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2017 December

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1. Municipal Administrator's Corner

Key Tasks in December and January

December

  • Review section 369 of The Municipalities Act (MA) regarding adding amounts to the tax roll. Although the amounts to be added under this section can be made at any time during the year, you may wish to add them to your year-end review processes. An example is a review of the utility arrears (clause 369(1)(b) of MA). If arrears are to be added to taxes, issue notice to affected owners and tenants. Remember, notice must be sent by registered mail at least 30 days before amounts are to be added to the tax roll, and a council resolution or council policy is required to authorize the addition of the arrears to the tax roll.
  • On December 31, unpaid amounts for custom work may be added to taxes (section 405 of MA).
  • On December 31, amounts for another municipality to provide emergency service may be added to taxes (section 42(3) of MA).
  • On December 31, modifications to the assessment roll to reflect current year’s changes must be completed.
  • Check your budget and actual expenditures to ensure all transfers to and from reserves are completed.
  • Review your year to date operating and capital costs and, if needed, amend the operating or capital budget. Municipal councils should begin discussions about the 2018 budget if they have not already done so.
  • Review any Tax Discount and Penalty Bylaw and ensure appropriate changes are made to software.
  • Ensure your audit date has been confirmed with your auditor.
  • Review CRA threshold amounts to ensure all income tax, CPP and EI remittances required for council members, volunteer fire fighters, and any others have been submitted.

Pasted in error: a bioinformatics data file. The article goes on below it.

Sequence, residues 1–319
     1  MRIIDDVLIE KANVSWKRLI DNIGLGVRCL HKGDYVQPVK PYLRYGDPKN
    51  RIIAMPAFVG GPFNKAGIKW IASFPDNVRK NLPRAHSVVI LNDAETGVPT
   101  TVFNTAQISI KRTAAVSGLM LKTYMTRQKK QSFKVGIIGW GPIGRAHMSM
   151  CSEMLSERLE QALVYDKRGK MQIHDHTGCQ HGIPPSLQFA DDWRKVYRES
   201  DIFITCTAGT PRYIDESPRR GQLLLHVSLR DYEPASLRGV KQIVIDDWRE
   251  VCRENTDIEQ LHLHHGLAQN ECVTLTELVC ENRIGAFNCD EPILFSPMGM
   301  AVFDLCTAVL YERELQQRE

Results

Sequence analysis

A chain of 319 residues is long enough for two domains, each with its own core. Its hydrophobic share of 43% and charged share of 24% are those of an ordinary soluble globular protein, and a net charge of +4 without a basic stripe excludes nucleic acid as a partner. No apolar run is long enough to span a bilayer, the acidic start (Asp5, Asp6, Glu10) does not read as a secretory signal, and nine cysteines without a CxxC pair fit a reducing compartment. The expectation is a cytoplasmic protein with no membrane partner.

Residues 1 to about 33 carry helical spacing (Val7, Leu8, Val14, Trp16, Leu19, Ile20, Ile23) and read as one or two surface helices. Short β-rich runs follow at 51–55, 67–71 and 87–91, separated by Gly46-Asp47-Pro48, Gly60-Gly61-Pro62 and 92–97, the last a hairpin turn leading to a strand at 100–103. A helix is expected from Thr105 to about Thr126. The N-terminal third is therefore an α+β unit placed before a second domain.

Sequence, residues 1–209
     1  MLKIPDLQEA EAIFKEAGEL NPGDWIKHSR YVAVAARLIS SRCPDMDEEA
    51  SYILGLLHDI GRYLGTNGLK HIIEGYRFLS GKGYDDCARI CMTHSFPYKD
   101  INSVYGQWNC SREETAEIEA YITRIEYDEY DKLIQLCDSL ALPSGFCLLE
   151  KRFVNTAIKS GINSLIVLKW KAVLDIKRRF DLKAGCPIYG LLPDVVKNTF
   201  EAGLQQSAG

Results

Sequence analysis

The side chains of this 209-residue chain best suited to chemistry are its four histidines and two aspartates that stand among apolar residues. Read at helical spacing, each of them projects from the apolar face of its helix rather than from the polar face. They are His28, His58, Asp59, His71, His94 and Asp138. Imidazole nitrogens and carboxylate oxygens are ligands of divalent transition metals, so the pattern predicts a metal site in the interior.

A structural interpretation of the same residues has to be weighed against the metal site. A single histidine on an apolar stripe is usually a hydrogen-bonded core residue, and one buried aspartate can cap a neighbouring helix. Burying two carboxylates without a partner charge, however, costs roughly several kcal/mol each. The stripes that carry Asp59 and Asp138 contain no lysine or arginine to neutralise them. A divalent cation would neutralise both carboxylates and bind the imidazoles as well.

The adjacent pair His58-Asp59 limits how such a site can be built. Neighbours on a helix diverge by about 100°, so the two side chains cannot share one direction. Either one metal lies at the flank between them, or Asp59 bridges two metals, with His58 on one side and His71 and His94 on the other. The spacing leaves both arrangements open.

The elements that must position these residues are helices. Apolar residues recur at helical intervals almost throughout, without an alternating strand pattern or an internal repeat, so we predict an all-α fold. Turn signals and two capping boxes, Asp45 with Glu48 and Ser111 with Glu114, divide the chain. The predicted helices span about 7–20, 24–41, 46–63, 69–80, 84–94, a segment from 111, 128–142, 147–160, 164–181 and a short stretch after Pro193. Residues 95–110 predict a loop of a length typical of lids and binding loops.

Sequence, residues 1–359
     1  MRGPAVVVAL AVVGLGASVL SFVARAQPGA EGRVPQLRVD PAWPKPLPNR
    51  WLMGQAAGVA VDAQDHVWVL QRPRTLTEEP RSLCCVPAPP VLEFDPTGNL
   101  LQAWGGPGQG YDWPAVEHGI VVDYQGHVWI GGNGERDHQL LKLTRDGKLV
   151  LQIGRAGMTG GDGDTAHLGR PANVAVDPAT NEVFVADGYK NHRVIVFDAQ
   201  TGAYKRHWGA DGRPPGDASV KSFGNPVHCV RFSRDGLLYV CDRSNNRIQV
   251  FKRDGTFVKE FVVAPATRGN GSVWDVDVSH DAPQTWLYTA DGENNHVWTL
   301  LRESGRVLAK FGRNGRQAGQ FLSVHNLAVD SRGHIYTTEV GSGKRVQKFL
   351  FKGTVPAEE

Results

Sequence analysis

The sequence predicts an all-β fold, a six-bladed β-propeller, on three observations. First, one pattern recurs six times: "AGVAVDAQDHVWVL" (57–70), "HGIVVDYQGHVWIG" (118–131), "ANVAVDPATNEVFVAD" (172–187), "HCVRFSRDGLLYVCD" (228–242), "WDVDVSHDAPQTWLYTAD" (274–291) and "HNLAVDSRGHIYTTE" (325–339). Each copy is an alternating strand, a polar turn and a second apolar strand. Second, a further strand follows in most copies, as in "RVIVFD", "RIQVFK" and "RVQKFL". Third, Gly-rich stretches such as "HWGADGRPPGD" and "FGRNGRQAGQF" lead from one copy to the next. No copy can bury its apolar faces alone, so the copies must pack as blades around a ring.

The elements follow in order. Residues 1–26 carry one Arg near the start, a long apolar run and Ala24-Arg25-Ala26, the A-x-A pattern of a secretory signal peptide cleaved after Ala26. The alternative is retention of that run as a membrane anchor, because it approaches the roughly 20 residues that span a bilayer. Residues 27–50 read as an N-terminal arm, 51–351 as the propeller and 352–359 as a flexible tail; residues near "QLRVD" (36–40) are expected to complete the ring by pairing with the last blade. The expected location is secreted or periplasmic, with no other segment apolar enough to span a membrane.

• Review accounts to identify any PST payable.
  • Review GST receivables for claims.
  • Check all minutes, bylaws and invoices to ensure all required signatures and approvals are in place.
  • Review signing authorities and appointments such as committee, municipal officials (building inspector, pest control officer, bylaw enforcement officer, etc.), auditor, solicitor, etc.

January

  • Review Board of Revision appointments early in the year to ensure expired appointments are updated.
  • Present the Administrator’s bond at the first meeting in January.
  • By January 20, rural municipalities are required to provide the Organized Hamlet Board with a statement of revenue and expenditures.
  • By January 31, municipalities are required to register tax liens as a result of tax enforcement.

Remember that a detailed legislative and operational calendar is available online.

Education Property Tax Filing Changes
Changes in Education Property Tax (EPT) filing will be effective January 1, 2018. Read the story about EPT changes in this edition of Municipalities Today.

Municipalities may want to consider adopting a bylaw to authorize EPT collections outside of a council meeting to avoid the new fines and penalties. This bylaw would be similar to what you may already have for payment of salaries, payroll remittances, and utility billings. View a sample Expenditure Authorization bylaw.